Three Story Victorian with Tree by Mike Doyle
The chapters focusing on specific topics consist predominantly of collections of models made by different builders, although in a few cases all themed models in a chapter have been built by a single individual. Topics covered range from the predictable (architecture) to the plain inspired (Monty Python), and the featured models range from tiny to huge and showcase an almost bewildering array of different building styles. These chapters would I think have benefitted from explanatory text to accompany the pictures; I would have particularly appreciated getting some insights into some of the ingenious building techniques used in the models. That having been said, I guess the author had to draw the line somewhere in the interests of keeping the book to a manageable size. As a Brit, it was pleasing to see a number of models created by fellow Brickish Association members Tim Goddard (his Rearing Stallion model can be seen below), Barney Main, Rod Gillies and James Pegrum - great work, guys !

Rearing Stallion by Tim Goddard
One minor downside from my perspective is the absence of a few specific builders and their creations from the book. I was disappointed that the work of Ed Diment (Lego Monster) wasn't featured in some form, for instance, and the omission of his stupendous and much-admired model of U.S.S. Intrepid was particularly surprising to me. Fully forty pages of mechs and space ships without a single Peter Reid (legoloverman) creation was also disappointing, as was the absence of any of Ralph "Mad Physicist" Savelsberg's fabulous vehicles. Admittedly, as the author is at pains to point out in his preface, for practical reasons it would have been impossible to feature all of the models that deserved to be showcased, and in a book of this type there's consequently always going to be a substantial element of personal preference in the selections. Truth be told, therefore, aside from a few notable omissions I actually think that the author has done a pretty good job of highlighting a diverse range of different models and building styles; I suspect that had I been responsible for choosing the content it would no doubt have been criticised by some for being too EU-centric, so you really can't please all of the people all of the time.... Talking of preferred content, in an ideal world I would also have liked to see more commentary on the models, and better still get some insights into the building techniques used, but again it's a fairly minor gripe.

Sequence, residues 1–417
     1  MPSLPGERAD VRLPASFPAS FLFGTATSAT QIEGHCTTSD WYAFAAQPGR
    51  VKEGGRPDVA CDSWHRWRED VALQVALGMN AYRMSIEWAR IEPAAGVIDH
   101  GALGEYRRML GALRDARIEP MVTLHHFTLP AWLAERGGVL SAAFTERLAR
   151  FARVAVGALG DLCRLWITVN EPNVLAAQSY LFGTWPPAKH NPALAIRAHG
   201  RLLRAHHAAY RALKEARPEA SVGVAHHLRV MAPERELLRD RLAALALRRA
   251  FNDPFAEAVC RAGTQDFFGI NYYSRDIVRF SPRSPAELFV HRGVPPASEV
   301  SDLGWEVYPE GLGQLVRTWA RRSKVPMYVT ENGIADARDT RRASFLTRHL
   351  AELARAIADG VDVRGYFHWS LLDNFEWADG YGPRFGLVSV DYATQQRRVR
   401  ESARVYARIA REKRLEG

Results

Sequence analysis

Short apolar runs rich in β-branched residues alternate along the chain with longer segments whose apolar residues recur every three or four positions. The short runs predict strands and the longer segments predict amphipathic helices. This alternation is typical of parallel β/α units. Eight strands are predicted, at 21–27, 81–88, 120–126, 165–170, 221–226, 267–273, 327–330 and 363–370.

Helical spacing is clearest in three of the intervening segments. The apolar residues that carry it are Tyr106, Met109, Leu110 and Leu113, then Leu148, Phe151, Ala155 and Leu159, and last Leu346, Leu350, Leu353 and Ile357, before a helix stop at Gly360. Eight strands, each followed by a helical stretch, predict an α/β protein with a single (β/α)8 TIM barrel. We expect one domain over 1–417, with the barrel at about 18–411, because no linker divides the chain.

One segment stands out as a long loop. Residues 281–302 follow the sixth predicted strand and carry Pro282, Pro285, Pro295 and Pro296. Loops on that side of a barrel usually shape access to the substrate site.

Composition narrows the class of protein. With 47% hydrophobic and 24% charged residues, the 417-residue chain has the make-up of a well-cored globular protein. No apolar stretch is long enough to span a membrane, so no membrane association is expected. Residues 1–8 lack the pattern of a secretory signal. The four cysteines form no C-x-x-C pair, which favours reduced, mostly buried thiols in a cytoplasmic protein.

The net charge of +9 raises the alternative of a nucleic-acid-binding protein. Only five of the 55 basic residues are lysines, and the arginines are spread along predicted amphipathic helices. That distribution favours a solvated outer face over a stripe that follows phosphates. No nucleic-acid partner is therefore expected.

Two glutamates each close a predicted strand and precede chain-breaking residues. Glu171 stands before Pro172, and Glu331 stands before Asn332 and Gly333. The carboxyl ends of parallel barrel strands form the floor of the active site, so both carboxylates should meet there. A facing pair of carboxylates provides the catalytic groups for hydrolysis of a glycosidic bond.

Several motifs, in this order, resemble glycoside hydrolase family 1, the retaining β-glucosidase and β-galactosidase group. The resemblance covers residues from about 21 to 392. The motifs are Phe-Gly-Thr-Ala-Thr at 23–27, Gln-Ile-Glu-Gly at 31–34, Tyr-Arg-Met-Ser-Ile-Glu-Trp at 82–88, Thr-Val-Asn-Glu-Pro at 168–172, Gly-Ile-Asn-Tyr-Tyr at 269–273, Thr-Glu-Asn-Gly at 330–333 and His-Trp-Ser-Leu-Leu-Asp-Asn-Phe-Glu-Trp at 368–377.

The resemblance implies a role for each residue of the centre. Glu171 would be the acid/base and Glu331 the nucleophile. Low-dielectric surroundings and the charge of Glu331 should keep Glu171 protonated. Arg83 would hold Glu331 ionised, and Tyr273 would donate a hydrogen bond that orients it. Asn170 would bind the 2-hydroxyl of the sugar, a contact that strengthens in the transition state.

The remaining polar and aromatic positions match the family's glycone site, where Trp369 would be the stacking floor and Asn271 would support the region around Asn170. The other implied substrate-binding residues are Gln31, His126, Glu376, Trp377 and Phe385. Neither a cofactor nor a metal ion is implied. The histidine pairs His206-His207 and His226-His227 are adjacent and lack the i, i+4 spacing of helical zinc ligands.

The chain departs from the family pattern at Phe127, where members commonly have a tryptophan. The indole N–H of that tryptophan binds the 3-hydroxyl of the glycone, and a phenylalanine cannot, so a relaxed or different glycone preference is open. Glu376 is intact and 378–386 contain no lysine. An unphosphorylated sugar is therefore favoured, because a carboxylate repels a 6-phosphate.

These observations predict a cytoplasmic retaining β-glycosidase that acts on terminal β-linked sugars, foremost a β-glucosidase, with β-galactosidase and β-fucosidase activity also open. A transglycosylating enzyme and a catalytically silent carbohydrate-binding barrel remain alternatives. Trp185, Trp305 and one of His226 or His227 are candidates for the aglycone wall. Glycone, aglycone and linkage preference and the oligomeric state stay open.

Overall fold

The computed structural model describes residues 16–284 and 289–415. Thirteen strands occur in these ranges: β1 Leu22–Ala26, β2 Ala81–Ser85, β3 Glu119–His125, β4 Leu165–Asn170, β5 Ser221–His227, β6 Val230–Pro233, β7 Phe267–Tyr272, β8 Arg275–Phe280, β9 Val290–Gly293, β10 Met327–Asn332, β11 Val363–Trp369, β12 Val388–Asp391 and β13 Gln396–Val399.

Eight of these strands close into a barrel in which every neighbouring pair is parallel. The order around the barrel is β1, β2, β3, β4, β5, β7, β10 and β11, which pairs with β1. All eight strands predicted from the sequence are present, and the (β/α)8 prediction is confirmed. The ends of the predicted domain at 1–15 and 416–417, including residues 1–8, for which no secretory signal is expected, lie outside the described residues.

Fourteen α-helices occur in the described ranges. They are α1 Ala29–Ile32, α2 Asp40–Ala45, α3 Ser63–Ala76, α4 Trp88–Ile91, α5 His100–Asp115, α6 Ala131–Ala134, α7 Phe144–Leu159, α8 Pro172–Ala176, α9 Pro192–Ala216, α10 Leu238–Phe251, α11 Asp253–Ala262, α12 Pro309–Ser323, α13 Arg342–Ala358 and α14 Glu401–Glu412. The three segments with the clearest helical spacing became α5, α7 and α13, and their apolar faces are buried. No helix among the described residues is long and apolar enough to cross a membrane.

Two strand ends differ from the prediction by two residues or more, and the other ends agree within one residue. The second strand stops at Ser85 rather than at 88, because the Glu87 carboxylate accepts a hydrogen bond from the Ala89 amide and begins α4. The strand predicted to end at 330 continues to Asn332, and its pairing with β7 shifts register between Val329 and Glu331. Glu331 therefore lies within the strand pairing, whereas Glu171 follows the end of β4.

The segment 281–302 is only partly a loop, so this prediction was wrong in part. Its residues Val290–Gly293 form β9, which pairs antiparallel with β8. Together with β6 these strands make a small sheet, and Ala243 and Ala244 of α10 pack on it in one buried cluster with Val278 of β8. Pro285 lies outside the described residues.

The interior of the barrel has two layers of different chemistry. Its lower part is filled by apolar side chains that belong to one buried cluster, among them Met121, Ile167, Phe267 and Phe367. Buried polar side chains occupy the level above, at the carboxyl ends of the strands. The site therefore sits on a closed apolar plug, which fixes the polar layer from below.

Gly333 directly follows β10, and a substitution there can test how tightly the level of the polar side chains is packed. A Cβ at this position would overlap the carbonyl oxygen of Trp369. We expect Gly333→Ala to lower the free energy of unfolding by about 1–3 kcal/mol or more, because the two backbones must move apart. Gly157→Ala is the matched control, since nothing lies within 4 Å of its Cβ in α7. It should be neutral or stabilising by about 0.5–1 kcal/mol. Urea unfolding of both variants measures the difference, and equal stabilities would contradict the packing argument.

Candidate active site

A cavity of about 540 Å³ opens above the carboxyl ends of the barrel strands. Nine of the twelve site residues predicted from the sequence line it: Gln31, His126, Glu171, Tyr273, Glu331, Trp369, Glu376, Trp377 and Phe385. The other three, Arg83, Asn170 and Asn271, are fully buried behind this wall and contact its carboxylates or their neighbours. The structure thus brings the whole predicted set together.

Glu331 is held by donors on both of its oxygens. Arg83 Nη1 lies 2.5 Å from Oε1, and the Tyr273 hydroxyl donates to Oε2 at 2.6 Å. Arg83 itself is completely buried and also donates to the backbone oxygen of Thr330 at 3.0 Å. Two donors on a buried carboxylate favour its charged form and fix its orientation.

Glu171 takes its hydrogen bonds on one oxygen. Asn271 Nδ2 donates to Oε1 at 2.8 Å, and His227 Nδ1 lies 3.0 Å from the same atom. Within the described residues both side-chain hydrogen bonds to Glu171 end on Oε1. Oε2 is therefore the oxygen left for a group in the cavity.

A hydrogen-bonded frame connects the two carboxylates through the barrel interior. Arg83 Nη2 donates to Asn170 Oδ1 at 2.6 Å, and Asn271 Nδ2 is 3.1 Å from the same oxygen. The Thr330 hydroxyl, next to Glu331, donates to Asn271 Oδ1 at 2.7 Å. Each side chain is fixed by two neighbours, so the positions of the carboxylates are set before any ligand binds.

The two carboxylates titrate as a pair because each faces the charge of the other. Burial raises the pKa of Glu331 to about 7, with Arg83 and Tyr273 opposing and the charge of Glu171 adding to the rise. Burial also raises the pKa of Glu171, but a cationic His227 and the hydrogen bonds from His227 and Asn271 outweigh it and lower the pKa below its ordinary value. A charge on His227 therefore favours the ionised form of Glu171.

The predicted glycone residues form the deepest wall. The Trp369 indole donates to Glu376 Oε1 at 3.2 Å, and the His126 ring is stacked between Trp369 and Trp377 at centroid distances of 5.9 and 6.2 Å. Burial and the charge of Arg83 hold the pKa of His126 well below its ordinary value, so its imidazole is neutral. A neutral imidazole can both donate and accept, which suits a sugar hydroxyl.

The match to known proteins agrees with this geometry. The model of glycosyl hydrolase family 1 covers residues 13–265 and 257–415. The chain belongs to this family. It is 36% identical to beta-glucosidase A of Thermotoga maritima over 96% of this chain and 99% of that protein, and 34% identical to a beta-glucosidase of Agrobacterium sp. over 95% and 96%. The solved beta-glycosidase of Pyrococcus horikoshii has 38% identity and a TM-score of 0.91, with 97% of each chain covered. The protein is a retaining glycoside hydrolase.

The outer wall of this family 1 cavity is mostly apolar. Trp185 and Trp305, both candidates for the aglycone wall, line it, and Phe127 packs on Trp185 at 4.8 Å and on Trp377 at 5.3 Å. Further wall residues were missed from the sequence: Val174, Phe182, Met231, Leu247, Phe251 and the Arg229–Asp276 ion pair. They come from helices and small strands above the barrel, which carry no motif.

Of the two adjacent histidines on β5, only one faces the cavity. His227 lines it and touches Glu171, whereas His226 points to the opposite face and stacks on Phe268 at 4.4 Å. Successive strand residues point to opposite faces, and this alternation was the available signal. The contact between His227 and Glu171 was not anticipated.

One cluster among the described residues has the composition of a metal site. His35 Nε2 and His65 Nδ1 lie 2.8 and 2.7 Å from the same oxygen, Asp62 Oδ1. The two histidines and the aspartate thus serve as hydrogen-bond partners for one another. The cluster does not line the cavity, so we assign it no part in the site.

Temple of Jugatinus by James Pegrum
I suppose there's a potential question to be addressed regarding the purpose of the book. It's undoubtedly wonderful eye candy, but you could argue that most if not all of the featured creations can be freely seen on the net, and there's precious little accompanying text to provide additional value. Interestingly, non-AFOL friends and family were particularly wowed by the book - they couldn't quite believe that the models were made out of LEGO - but I don't see much likelihood of such people actually buying it. AFOLs, on the other hand, will generally know where to find such content on the net, so is the book really worth the $29.95 MRSP ? Well, that depends on your perspective. The book is beautifully presented, and it showcases a thoughtful selection of impressive, inspiring, amusing and thought-provoking creations which richly deserve to be captured for posterity. You can therefore look upon the book as a source of inspiration and an object which brings pleasure in it's own right. If that's important to you, as it is for me, then I can wholeheartedly recommend the book to you. Otherwise you're probably better off saving your money and looking elsewhere.

Westie by Shin-Kai Huang
Beautiful LEGO is available now. At the time of posting you can buy it at a decent discount from Amazon in the U.K. (click here), the U.S. (click here) and elsewhere. Many thanks to the publisher, No Starch Press, for sending me a copy to review here on Gimme LEGO.